Petroleum Engineering students Amna Omar Hassan Shuhail Alqahtani, Fatema Ahmed Abdulla Qadah Al Shehhi, and Alia Fauzi Abubaker Abdulla Alkatheeri, and Chemical Engineering student Reem Aldahmani, have been chosen to participate in the 2020 University Innovation Fellows (UIF) training program.
The University Innovation Fellows is a program of Stanford University’s Hasso Plattner Institute of Design (d.school). It was created as part of the National Center for Engineering Pathways to Innovation (Epicenter), a five-year National Science Foundation grant.
The program builds a global community of higher education student leaders to become agents of change in their schools and their communities. Almost 200 students from 45 higher education institutions in 14 countries have been named University Innovation Fellows this year. The Fellows who are part of the program are trained to ensure that they gain the knowledge, skills, and attributes they need to be able to thrive and compete in our complex and ever-changing world.
At the end of the training program, University Innovation Fellows are expected to work with their peers, faculty, and administrators to unlock new learning opportunities for students at their campuses to encourage innovation, entrepreneurship, design thinking, and creativity. They will serve as advocates for lasting institutional change with academic leaders, lending the much-needed student voice to the conversations about the future of higher education.
Dr. Ahmed Al Shoaibi, Senior Vice President of Academic and Student Services, said: “We are keen to have our students participate in international programs. The engagement of our students in international learning and research is critical to KU’s vision as a research-intensive university with a transformative student learning experience. The students’ participation in international programs is a testament of going beyond the comfort zone and aiming to achieve global recognition.”
During the 6-week online training, the Fellows learned how to analyze their campus ecosystems, identify opportunities for change, and understand the needs of their peers across disciplines, as well as the perspectives of faculty and administrators. On 10 October 2020, the KU UIF Fellows presented their project ideas to faculty members and stakeholders of Khalifa University. There were three ideas the students came up with—the Help App, Virtual Labs Program, and the Digital Maker Space.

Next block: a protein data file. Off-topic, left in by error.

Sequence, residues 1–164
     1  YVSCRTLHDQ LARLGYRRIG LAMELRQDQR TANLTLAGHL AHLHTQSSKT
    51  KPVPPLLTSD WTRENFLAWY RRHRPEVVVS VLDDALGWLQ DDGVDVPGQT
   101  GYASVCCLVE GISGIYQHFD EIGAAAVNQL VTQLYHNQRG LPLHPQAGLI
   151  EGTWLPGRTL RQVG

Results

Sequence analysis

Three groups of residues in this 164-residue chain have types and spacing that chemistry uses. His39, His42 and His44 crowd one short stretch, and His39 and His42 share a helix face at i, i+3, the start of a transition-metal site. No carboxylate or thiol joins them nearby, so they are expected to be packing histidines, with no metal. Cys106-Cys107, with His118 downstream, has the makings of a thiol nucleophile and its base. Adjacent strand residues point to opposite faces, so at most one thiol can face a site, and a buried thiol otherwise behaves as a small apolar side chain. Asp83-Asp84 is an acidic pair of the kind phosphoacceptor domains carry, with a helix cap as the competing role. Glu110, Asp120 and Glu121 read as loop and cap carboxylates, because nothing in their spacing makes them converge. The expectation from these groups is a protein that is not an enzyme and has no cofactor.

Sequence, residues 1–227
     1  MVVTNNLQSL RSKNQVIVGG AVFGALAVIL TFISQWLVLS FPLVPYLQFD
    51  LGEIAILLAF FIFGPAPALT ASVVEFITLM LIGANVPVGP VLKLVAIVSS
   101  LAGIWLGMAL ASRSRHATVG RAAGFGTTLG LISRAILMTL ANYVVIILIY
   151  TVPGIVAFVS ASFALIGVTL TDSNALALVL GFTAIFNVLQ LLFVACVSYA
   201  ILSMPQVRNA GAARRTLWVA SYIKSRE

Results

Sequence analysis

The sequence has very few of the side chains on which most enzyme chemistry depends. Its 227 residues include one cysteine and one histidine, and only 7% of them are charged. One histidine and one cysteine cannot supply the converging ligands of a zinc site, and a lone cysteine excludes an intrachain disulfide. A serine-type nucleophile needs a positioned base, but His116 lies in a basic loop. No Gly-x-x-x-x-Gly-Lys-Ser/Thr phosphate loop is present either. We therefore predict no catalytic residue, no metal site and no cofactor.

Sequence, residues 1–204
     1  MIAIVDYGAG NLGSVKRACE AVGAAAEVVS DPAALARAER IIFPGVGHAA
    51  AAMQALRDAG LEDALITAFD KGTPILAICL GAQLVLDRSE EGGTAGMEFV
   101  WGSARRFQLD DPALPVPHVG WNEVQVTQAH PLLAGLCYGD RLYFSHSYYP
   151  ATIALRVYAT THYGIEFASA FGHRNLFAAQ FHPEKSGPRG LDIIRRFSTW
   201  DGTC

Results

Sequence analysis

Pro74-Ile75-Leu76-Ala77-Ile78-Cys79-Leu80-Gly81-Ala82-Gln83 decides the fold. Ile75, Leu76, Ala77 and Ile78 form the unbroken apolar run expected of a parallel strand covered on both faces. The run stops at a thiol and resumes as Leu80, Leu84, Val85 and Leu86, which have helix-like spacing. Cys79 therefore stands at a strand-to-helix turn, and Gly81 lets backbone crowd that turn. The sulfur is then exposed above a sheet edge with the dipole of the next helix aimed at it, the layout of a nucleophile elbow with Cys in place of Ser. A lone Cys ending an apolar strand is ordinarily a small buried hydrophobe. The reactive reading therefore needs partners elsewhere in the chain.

This project is an easy way for students to access the contact information of departments and services at KU. The aim is to ensure that students can easily reach anyone from the University when they need help, whether this be their instructors or services for students.
Virtual Labs Program
The Virtual Labs Program is an innovative approach to learning, especially during the COVID-19 pandemic as some students may find it challenging to have access and use traditional labs. The idea is to provide general technology skills training to students who have virtual labs that require software installation, providing them with all the information they need to download and utilize the software to their advantage for their online labs tasks.
Digital Maker Space
One of the resources that KU students have on campus is the Maker Space, a place where students can meet to share knowledge and resources, work on projects, and network with other students. The group came up with the idea of creating a “Digital Maker Space,” which is an online version of the Maker Space on campus. This project intends to help KU students continue learning, discovering, and trying new things albeit virtually.
The UIF training program was an enlightening learning experience for the group. The students would like to thank Khalifa University, especially Dr. Nicholas Dimmitt, Associate Professor of English, who nominated them to the program; as well as Dr. Waleed Alameri, Assistant Professor of Petroleum Engineering and Eng. Abdessamia Jebbouri of the Petroleum Engineering Department for the support they showed from the application process and throughout the duration of the program.
Alia Alkatheeri: “The bright side of this experience is that I am able to improve my thinking and problem solving skills. I’m so thankful for having this opportunity.”
Reem Aldahmani: “What I learned from this experience is that group work is very important in order to come up with different ideas and see problems from different perspectives. This program gave me an opportunity to help my creative potential and develop the design-centered mindset required to overcome today’s complex challenges.”
Fatima Alshehhi: “Joining this program was the best investment I’ve ever made for myself, as well as the start of a life-changing journey because it helped me expand my knowledge in innovation and entrepreneurship.”
Amna Alqahtani: “The program was a great and interesting experience to me. It taught me the process of problem-solving known as design thinking and what I learned from this program is to try to come up with different ways to solve a problem and then filter those ideas in order to offer suitable solutions for a person’s needs.”
24 November 2020